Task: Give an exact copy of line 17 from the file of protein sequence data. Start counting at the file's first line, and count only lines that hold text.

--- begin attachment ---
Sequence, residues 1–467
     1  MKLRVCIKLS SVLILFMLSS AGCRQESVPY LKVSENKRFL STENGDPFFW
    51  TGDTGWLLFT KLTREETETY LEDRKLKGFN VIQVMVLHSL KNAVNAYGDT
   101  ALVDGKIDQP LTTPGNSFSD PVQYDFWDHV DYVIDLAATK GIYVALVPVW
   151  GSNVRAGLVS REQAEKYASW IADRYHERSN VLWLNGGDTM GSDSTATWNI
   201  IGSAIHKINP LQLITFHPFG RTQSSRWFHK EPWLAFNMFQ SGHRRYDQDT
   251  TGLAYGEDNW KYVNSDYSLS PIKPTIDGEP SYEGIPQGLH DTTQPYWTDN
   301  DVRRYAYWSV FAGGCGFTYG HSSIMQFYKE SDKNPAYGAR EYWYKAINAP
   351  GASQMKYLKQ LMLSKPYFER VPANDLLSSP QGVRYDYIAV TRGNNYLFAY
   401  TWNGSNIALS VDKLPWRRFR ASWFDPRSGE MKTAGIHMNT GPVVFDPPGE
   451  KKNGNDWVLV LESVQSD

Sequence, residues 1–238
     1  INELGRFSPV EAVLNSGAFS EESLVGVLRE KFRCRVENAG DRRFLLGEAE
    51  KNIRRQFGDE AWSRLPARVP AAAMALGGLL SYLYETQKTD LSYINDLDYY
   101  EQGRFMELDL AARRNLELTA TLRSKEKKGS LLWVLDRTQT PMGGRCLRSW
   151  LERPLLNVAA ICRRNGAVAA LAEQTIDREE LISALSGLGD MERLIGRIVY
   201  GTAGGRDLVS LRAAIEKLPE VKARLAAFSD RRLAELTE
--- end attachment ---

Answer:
   201  GTAGGRDLVS LRAAIEKLPE VKARLAAFSD RRLAELTE